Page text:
How does lead time impact your safety and cycle stock calculation? There are numerous ways to calculate safety and/or cycle stock. When optimizing your safety stock based on a service level objective, not only is the forecast and forecast error considered, but so is lead time and lead-time error. The longer the lead time and the larger the lead time variance, the more safety stock you need, and vice versa. If you are trying to minimize your total annual costs by using the economic order quantity (EOQ) to define your cycle stock (1/2 EOQ), the EOQ is directly proportional to the forecast, which as described above, could be unreliable as the forecast selection is dependent upon the forecast error over lead time.
How does lead time impact your order plan? This may be the most obvious system calculation impacted by poor lead times. And, generally it is the order plan that planners will focus on when validating the accuracy of the supplier stated lead time . Having inaccurate lead times could either generate orders too earlier or not early enough resulting in over stock and under stock situations, respectively.
Having a system calculate and manage (1.) lead time along with (2.) an estimate of how wrong your lead time may be is critical to optimizing all functions of your planning software.
This will be the first of several blog postings of InventorySux - a theme many planners are familiar with. If you have too much, you are over ordering. If you have too little, you are not ordering enough. In other words, "you're damned if you do and damned if you don't".
There is very little room for a planner to make mistakes. A real simple rule of thumb to help planners is to break their items into one of the three inventory states: overstocked, under stocked, or balanced. Planners should try to maintain 60-80% of their inventory in the balanced state, whilst the balance should contribute toward the under stocked and overstocked state.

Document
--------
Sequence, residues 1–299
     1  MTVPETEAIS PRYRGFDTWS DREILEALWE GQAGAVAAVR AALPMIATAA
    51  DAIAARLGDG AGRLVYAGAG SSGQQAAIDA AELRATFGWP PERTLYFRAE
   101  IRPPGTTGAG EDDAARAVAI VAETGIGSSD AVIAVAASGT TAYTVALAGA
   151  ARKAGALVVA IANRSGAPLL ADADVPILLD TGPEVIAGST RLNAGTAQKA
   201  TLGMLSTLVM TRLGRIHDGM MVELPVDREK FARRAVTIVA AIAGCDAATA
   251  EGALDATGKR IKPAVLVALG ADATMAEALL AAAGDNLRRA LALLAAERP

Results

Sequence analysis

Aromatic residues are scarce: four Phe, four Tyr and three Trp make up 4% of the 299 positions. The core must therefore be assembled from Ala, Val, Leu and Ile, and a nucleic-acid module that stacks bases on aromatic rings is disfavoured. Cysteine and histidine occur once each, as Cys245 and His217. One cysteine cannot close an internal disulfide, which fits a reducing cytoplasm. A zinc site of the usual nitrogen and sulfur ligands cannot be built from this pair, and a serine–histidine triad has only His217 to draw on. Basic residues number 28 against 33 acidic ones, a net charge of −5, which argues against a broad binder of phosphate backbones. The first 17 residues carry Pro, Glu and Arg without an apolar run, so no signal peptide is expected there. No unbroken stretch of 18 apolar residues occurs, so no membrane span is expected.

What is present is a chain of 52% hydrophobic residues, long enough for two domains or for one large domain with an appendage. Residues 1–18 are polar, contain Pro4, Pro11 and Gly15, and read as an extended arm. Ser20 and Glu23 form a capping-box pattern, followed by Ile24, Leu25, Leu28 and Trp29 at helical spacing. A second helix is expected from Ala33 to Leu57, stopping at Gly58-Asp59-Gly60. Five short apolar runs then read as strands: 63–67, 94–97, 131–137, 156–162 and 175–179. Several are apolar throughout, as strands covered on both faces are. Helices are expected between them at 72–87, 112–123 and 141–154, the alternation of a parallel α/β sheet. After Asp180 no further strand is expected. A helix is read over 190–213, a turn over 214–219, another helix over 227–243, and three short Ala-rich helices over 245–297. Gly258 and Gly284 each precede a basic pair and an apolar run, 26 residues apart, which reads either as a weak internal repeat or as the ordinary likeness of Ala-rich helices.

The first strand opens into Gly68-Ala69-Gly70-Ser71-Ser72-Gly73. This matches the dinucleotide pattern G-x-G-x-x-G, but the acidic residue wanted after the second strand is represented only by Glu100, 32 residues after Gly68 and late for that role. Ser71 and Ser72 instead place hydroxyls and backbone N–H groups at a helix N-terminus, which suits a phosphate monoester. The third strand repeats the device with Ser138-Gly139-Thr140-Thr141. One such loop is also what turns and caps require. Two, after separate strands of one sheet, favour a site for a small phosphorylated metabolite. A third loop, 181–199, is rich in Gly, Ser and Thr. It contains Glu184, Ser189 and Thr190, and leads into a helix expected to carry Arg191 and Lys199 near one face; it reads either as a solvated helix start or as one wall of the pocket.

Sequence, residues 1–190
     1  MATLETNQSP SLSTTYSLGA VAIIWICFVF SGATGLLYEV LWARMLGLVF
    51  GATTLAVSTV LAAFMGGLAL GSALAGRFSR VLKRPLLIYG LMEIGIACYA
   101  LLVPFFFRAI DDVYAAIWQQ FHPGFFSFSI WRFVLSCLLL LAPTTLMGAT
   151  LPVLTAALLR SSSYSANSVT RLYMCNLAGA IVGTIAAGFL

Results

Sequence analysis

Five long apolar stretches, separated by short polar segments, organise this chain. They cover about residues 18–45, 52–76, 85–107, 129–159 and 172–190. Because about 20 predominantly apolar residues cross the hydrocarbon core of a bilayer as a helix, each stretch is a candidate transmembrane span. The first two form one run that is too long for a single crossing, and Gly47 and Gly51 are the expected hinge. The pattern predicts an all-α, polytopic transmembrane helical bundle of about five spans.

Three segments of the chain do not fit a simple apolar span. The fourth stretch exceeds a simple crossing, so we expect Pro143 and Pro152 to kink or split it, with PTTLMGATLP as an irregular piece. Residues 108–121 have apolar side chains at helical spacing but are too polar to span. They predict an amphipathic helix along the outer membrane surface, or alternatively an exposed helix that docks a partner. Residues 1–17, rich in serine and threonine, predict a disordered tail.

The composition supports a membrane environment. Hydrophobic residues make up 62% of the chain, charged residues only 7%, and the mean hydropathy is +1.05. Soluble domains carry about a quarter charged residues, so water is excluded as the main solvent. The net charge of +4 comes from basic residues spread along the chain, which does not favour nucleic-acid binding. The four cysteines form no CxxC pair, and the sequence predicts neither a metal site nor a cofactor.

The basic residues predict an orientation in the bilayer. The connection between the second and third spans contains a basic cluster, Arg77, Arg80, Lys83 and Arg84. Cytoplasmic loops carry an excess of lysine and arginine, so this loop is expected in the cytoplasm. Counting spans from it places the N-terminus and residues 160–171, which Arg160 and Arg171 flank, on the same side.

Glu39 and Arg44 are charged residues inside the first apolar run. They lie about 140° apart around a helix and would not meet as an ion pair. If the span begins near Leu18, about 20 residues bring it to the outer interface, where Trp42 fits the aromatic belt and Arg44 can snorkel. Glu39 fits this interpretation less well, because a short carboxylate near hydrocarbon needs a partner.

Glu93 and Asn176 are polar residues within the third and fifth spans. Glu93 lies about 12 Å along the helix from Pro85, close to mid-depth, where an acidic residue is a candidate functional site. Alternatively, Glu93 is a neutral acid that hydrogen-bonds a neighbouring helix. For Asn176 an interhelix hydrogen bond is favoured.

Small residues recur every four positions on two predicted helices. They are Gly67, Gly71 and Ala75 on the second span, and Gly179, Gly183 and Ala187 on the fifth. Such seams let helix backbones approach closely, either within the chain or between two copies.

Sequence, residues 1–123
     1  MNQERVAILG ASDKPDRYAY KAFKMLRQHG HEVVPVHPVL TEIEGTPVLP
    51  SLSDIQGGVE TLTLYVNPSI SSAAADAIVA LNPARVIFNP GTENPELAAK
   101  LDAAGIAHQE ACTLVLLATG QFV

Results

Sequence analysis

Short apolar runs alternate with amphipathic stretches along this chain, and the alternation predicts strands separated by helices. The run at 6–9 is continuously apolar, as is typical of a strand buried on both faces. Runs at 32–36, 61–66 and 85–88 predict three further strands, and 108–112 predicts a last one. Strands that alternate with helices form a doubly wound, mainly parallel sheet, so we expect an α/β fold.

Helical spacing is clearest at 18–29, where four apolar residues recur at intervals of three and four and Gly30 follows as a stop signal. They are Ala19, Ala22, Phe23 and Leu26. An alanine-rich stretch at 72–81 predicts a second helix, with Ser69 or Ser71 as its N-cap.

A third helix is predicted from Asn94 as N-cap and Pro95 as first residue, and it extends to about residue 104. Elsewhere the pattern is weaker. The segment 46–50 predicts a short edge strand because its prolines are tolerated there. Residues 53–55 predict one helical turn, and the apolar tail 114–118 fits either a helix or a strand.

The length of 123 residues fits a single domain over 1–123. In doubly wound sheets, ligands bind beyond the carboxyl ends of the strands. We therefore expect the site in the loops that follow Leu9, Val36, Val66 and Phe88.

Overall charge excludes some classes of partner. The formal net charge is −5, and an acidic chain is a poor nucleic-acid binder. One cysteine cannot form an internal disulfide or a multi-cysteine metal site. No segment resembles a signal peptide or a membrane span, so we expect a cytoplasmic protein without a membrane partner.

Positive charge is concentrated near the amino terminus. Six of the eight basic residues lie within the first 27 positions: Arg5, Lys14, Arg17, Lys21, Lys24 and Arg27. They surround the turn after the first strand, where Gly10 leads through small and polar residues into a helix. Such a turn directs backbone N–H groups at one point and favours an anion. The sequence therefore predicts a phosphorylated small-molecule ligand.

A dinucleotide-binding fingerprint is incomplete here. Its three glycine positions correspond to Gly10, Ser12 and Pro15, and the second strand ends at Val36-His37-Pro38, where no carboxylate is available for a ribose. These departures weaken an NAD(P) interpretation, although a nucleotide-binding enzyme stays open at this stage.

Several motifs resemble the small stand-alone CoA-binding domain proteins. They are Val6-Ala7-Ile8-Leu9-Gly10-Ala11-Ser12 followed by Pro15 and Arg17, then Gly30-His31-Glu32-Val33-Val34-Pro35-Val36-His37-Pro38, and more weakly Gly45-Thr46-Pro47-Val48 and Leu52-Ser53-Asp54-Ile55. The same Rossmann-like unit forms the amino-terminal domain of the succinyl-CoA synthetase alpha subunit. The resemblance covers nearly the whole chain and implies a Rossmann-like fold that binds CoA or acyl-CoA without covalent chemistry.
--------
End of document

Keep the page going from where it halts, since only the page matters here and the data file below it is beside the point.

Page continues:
Maintaining and reporting inventory in these states is a great first step to creating an actionable, drill-down dashboard. Workflow and focus should be on those items contributing most to the overstock and under stock states, thereby improving your productivity and balancing the inventory for the items you manage.
Unfortunately for planners, management typically looks and tracks inventory at the level of responsibility a planner is responsible for, which is then compared to corporate-wide top-down financials. And, by the law of large numbers the overstocked items end up balancing the under stocked when looking at the inventory from a top-down perspective. The true breakdown of inventory by state is lost, along with your true performance. However, by proactively breaking your items into their respective states and working the outliers, the overall result on inventory will still reflect upon you positively.
In our next segment of InventorySux, we will discuss correct inventory reporting.